H. NAACP's Amici Brief . . ......................................... 17

         III. DISCUSSION.. ..................................................... 17

         A. Class Certification .............................................. 17

         1. Numerosity .............................................. 20

         2. Commonality. . .......................................... 22

         3. Typicality.. .............................................. 25

         4. Adequacy of Representation. . .............................. 26

5. Rule 23(b).. ............................................. 27

         6. Ascertainability ........................................... 28

         B. Summary Judgment. . .......................................... 28

         C. Preliminary Injunction. . ......................................... 34

         1. Substantial Likelihood of Success. . .......................... 35

i. Eighth Amendment. . ................................ 36
ii. Fourteenth Amendment.. ............................. 42
ii. Individuals with Disabilities Education Act ................. 44

         2. Strong Showing of Irreparable Harm. . ........................ 48

         3. Public Interest ........................................... 49

         4. Balance of Hardships ...................................... 49

         IV. CONCLUSION.. .................................................... 50

         MEMORANDUM-DECISION and ORDER

         I. INTRODUCTION

         The named plaintiffs[1] seek relief on behalf of themselves and a putative class of fellow 16- and 17-year-olds ("juveniles") being detained at the Onondaga County Justice Center (the "Justice Center" or "Jail") by defendants Onondaga County Sheriff Eugene Conway ("Sheriff Conway"), Chief Custody Deputy Esteban Gonzalez ("Deputy Gonzalez"), and Assistant Chief Custody Deputy Kevin Brisson ("Deputy Brisson") (collectively the "Onondaga County defendants"), each of whom is being sued here in their respective official capacities.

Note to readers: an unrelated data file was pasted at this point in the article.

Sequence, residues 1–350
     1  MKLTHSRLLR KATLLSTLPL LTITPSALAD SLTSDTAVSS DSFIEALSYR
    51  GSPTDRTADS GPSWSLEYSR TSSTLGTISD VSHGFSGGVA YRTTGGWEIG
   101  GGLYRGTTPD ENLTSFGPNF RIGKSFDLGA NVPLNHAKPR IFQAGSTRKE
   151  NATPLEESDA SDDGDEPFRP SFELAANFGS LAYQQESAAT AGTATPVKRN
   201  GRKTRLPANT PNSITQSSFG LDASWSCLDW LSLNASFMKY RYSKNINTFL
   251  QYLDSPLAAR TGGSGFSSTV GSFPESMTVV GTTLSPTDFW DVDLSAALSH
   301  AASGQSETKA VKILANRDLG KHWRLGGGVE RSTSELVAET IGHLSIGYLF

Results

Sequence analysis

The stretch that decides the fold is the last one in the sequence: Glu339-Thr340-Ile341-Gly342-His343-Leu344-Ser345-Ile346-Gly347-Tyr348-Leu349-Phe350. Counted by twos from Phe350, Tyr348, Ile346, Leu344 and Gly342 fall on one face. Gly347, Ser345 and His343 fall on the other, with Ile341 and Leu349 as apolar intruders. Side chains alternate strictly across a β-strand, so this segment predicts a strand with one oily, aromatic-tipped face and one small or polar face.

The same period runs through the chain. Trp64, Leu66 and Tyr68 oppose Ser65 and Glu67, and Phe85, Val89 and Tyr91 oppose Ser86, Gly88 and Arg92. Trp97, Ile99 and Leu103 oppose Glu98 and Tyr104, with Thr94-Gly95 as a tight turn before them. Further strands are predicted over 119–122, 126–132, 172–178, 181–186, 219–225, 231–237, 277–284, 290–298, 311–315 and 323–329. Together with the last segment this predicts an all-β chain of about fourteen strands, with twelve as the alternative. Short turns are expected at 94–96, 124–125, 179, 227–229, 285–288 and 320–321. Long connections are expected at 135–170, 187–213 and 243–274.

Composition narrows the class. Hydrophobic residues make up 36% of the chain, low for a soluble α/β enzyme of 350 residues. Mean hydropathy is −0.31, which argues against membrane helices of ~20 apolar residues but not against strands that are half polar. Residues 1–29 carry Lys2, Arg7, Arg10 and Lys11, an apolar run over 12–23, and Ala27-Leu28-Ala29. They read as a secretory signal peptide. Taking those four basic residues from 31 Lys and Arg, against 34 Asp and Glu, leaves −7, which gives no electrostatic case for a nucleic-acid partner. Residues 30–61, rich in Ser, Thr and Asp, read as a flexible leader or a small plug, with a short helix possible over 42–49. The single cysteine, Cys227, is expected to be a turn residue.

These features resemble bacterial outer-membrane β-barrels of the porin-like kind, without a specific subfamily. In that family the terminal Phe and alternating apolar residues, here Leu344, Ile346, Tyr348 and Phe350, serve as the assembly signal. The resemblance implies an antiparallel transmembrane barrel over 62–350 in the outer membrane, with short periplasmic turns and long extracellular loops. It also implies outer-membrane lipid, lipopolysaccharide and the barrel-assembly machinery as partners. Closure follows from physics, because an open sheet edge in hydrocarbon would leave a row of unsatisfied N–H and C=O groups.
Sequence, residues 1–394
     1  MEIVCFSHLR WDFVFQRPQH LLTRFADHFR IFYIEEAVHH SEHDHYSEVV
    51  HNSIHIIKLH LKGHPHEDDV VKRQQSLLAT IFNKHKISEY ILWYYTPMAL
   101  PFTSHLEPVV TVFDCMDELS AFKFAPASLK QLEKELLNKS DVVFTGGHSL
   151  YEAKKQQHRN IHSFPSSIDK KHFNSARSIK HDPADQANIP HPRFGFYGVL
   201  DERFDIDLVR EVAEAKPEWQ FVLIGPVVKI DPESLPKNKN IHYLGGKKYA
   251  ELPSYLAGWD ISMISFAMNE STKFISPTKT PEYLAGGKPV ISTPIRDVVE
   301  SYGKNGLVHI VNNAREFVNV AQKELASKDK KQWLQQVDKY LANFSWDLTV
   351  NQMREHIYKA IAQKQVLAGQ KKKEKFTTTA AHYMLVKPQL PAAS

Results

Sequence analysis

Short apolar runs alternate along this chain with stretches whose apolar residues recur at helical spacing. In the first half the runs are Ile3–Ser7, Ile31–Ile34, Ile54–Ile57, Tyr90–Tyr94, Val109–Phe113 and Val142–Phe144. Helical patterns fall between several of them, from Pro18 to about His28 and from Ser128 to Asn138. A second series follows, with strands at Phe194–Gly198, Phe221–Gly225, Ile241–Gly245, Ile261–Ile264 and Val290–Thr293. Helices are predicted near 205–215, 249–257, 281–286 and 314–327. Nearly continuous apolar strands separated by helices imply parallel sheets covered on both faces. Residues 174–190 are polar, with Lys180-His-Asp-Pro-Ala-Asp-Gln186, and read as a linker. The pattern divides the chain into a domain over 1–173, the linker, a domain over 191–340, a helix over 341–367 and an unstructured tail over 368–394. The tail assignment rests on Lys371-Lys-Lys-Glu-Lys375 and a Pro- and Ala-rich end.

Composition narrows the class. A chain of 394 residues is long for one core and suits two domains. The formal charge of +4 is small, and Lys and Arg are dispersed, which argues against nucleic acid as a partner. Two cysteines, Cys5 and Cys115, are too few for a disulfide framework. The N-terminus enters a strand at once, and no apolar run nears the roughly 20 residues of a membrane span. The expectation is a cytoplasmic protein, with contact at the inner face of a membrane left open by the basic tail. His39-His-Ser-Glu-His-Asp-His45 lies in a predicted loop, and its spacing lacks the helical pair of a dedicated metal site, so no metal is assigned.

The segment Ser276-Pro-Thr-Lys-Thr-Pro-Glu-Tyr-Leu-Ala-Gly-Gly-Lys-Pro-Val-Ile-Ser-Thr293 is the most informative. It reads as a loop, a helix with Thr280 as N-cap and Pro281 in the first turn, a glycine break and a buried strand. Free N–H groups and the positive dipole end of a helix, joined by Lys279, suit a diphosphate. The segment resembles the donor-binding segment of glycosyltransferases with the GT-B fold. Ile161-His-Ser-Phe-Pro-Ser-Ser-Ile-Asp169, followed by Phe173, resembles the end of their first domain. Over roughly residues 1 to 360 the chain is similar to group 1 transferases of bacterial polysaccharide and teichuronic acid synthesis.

First, plaintiffs' class action complaint alleges declaratory and injunctive relief under 28 U.S.C. §§ 2201-02 and 42 U.S.C. § 1983 is necessary to put an end to the Onondaga County defendants' routine imposition of solitary confinement on juveniles at the Justice Center, a practice which allegedly violates the Eighth and Fourteenth Amendments.

         Second, plaintiffs seek class relief against the Onondaga County defendants and defendant Syracuse City School District (the "School District"), which has contracted with the Justice Center to provide educational services, for allegedly denying juveniles in solitary confinement the minimum educational instruction guaranteed by state law in violation of the Fourteenth Amendment.

         Third, plaintiffs seek relief against both the Onondaga County defendants and the School District (collectively "defendants") on behalf of a subclass of juvenile inmates with disabilities who are allegedly being systematically deprived of the procedural protections and special education services guaranteed to them by the Individuals with Disabilities Education Act, 20 U.S.C. §§ 140 et seq.